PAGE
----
Ever since residency, I’ve had the sense of holding my breath, waiting for the medical system to collapse entirely, so that it can rise anew and become a viable system that truly cares for the health of our nation. When I was mired in the muck of a frantic 16-hour day filled with hundreds of detailed tasks, often involving significant liability for people’s health and lives, it felt impossible to be part of the solution.

My original decision to take over my father’s practice took me by surprise. I left my salaried position at the Sonoma County Indian Health Project and was propelled headlong through a crash course in small-business ownership, practice management, and being the sole provider for not only 3,000 patients, but also five employees. I learned the reality of partial and delayed reimbursements from the insurance industry, and of productivity-based income. To avoid compromising my ideal of quality, I limited the number of patients to 18–20 per day. This limit allowed me to break even, but I was still working 80 hours a week.

It’s taken some retrospection to realize that I was running a private nonprofit. I loved the autonomy of solo private practice, I loved practicing my own blend of allopathic and integrative medicine, and I loved my patients. But I knew the pace was not viable, and that I was at high risk for burnout. I also could not tolerate any more incursions on my time or my income. I was getting paid for only 50% of my time and effort. Sure, my patients were happy, but the workload and the financial equation were not sustainable.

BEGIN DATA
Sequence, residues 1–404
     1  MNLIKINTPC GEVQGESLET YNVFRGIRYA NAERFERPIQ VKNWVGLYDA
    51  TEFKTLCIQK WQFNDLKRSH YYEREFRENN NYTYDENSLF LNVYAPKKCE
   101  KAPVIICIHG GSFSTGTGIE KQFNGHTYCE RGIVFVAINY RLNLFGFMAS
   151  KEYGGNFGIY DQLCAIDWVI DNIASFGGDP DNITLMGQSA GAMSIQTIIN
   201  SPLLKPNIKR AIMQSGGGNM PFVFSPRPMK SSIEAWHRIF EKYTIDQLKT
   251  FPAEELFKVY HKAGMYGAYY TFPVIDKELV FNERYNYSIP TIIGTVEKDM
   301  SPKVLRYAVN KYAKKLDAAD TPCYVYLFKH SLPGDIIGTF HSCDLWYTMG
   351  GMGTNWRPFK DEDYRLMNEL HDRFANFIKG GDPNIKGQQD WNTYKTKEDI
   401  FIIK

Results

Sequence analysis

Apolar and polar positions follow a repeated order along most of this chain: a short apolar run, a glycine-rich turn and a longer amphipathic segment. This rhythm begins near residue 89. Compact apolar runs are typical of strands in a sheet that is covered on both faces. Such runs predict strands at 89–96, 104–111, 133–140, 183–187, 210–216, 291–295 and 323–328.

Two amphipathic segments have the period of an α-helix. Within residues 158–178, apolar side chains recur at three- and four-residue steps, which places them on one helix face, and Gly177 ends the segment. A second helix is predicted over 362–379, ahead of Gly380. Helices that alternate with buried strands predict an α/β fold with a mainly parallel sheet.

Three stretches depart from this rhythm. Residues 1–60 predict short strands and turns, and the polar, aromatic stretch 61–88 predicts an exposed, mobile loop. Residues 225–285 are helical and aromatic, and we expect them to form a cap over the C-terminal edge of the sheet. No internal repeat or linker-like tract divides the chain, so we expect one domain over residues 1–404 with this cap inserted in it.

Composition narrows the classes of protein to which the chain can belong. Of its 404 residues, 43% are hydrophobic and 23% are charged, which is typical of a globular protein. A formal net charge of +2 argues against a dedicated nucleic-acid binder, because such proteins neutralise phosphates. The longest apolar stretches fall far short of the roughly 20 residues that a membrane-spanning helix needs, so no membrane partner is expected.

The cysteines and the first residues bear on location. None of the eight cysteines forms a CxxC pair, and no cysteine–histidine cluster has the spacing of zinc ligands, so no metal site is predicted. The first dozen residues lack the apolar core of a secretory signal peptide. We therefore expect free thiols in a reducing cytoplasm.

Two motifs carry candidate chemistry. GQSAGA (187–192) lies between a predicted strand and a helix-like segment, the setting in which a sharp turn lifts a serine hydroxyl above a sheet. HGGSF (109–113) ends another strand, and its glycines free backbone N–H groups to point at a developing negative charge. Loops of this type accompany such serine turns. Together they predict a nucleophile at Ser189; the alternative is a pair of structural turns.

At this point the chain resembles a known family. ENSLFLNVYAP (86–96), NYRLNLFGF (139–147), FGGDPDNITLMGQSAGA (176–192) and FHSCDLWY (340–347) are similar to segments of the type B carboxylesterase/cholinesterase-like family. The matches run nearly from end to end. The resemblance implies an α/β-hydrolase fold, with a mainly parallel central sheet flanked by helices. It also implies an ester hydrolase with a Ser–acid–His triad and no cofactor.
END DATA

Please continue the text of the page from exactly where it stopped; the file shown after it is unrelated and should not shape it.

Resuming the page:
I currently work for the State of California, at the Sonoma Developmental Center. I’m on hiatus from private practice, with a strong desire to protest our current system. As long as I continued to contract with insurance companies, I was part of the problem, not the solution. I was allowing these companies to further exploit the medical system, by accepting their corrupt contracts and their delayed payments. Needless to say, a year and a half after closing my practice, I am still owed tens of thousands of dollars by the insurance companies, which still require labor-intensive redundant paperwork to refile and contest my unpaid claims…

The total amount of money going into our health care system is phenomenal, more than any other country in the world. In a typical insurance company, administrative costs range from 20% to 30%. These rates compare unfavorably with Medicare and Kaiser, whose administrative costs are less than 10%. The multiple layers of separation between patient and physician are not benefiting anyone except the insurance industry, which continues to rake in huge profits. Meanwhile, physicians and hospitals struggle to survive, and patients receive mediocre and substandard care for an ever-increasing price tag…

Many of the common arguments against universal health care continue to be recycled in repetitive campaigns to play on our fears of long lines, less choice and substandard care. Isn’t that what we already have? We can create a viable, competitive new system that we actually want to use. We’re a creative country (although a bit constipated at the moment), and we could use some of the benefits of our capitalist society (such as competition) to create a universal health care system that fills us with pride, not fear.

The power and strength of the pharmaceutical and insurance lobbies is clearly stamped on our current medical model. The only way to revamp medicine is to have physicians and patients take back ownership of the system. In fact, if we don’t find our voices, the “solutions” will continue to be dictated by industry lobbyists and politicians. The balance of power must be restored, and a set of checks and balances needs to be applied to the drug and insurance companies, just as they are currently applied to individual physicians.

The entire article can be read at http://www.scma.org/magazine/scp/sm08/french.html